One of the most complicated and contentious issues in a divorce is the division of marital property and debt. The first great challenge is often identifying and valuating the marital property. Given that New Mexico is a community property state requiring equal division of all marital property and debt, both parties have a significant interest in making sure that all marital assets are properly identified and valued.
Unfortunately, sometimes one or both spouses will try to manipulate assets or asset values. They may try to classify community property as separate property. Other times, one or both parties will try to distort the value of the property, up or down, depending upon motive. Worst case, one or both parties will try to hide assets.
So what can be done if a spouse suspects that the other spouse is hiding assets? The first step is to use the tools available under the New Mexico Rules of Civil Procedure and begin the discovery process. Discovery is the system devised by the courts for the exchange of information in court cases and it can include written requests for information (called interrogatories, requests for production and requests for admission). In a divorce case, the main focus of discovery is getting both parties to accurately identify all of their debts and assets. The discovery process also allows the parties to hold depositions, which is an interview, held under oath at which the spouse being interviewed can be required to answer questions about the existence of assets. Parties can also be required to bring documents to depositions.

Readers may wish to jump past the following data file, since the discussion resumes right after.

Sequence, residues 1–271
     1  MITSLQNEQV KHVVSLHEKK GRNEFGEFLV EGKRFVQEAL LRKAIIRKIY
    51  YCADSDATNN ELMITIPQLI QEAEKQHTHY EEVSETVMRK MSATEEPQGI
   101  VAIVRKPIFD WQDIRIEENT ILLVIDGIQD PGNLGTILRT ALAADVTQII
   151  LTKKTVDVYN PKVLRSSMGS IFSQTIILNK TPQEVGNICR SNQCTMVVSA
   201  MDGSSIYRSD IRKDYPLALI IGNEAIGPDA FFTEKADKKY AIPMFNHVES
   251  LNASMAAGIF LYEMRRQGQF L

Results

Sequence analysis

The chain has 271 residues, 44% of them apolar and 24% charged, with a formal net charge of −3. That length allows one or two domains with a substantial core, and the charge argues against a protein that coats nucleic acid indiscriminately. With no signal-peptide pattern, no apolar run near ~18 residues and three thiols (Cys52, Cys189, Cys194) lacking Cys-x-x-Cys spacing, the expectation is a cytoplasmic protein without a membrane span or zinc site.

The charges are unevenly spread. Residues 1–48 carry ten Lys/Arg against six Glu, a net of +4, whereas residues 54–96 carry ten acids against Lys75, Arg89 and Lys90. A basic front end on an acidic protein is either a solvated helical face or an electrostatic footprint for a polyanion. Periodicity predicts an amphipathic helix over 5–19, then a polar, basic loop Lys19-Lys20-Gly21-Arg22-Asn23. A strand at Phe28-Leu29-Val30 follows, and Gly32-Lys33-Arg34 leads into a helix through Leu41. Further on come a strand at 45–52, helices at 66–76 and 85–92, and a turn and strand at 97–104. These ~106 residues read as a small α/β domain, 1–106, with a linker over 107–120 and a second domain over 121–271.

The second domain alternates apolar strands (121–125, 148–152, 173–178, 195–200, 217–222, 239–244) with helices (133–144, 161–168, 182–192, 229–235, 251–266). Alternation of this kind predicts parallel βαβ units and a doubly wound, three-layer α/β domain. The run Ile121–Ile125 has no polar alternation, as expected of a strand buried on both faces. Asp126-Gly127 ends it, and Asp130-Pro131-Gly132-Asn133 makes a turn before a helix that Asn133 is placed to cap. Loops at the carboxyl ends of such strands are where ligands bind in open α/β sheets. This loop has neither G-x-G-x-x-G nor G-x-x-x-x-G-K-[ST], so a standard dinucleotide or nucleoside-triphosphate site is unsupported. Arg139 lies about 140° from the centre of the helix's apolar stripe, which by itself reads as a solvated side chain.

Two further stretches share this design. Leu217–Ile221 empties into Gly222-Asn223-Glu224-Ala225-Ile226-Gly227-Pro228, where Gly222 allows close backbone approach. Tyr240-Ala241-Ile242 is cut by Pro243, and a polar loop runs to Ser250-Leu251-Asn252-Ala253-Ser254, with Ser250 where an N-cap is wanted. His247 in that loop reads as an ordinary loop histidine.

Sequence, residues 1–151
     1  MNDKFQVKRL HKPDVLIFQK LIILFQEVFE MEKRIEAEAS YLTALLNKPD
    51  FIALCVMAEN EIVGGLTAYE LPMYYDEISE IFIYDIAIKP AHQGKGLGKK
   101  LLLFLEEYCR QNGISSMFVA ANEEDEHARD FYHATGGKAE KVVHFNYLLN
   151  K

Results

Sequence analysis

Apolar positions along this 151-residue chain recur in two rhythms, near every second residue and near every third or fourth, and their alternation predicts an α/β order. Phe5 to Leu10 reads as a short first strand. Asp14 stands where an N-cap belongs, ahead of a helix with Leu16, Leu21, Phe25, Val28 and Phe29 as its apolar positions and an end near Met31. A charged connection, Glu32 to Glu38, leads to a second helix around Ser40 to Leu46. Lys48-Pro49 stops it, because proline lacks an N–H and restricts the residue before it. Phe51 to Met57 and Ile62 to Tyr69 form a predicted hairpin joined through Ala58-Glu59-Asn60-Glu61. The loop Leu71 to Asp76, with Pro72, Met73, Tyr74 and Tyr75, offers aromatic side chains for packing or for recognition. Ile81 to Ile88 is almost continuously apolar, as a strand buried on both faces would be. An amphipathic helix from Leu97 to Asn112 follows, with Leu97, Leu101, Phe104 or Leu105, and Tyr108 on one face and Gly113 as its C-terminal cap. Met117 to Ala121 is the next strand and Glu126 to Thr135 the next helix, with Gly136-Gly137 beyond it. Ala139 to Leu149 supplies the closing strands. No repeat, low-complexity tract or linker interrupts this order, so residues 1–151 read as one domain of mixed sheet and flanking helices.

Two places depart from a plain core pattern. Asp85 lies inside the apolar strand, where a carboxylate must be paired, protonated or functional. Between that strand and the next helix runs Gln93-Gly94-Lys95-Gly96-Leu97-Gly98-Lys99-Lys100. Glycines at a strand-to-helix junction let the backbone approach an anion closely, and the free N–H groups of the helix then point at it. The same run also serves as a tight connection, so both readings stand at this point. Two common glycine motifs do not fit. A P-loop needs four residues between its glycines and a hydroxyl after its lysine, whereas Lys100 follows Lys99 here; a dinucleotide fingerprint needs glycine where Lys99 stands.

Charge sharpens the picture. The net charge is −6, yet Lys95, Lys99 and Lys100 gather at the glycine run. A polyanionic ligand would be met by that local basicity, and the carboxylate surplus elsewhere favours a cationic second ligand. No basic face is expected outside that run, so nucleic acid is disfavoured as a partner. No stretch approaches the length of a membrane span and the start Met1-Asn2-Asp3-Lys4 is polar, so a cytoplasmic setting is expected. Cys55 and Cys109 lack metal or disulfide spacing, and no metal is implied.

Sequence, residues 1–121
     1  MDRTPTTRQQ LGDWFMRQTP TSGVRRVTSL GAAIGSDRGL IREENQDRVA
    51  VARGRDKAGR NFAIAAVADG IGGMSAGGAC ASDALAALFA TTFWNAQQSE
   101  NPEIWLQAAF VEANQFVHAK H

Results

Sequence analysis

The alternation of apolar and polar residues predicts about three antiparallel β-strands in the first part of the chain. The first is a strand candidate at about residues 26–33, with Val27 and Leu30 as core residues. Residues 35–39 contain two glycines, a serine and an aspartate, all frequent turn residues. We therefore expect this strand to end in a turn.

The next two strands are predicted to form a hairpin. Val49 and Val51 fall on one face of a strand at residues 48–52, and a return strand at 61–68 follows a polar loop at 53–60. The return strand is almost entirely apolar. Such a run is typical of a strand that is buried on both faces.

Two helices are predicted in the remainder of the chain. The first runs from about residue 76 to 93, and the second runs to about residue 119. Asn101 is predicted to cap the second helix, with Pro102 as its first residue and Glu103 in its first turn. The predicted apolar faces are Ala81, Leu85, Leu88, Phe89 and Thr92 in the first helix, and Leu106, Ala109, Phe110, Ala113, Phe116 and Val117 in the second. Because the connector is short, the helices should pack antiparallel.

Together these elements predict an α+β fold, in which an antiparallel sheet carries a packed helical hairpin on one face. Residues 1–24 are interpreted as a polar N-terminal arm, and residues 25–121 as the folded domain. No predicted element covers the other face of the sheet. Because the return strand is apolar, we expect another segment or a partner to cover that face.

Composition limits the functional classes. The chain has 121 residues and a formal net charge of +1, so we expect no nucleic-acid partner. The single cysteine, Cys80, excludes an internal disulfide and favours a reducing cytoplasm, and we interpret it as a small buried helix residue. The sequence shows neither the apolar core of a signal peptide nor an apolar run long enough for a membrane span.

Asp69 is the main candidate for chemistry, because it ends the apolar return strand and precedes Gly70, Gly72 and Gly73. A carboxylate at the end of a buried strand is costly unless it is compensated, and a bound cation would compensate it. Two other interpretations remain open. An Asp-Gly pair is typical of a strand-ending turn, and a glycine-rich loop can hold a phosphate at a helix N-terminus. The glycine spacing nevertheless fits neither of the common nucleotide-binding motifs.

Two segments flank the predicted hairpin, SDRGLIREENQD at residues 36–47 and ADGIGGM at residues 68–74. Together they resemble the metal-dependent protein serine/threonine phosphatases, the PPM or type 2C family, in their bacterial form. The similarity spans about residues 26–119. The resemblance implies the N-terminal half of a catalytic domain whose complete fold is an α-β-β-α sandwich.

If the parties have engaged in the traditional discovery process and one spouse still believes that the other is hiding assets, it may be time for that party to think about hiring an investigator. Such investigators are typically certified public accountants who are trained in reviewing financial records to look for evidence of missing assets. Basically they are looking for a paper trail connecting various deposit and receipts and tracing where all of the marital income went. Sometimes the investigator is appointed by the court as an expert charged with reviewing the financial records provided during discovery.
Hiring an investigator or asking the court to appoint an expert can be very expensive. Neither party is advised to go down this road unless it is absolutely necessary. Often a good forensic accountant will charge more per hour than the attorney. Often a basic review of the documents provided during discovery will show where all of the parties' marital income has been spent and that there isn't' anything to hide. An experienced family law attorney may be able to trace that money and dispel fears of hidden assets without having to hire an expert. Therefore, if a spouse believes that another spouse is hiding assets it is very important to review that claim with an attorney before proceeding.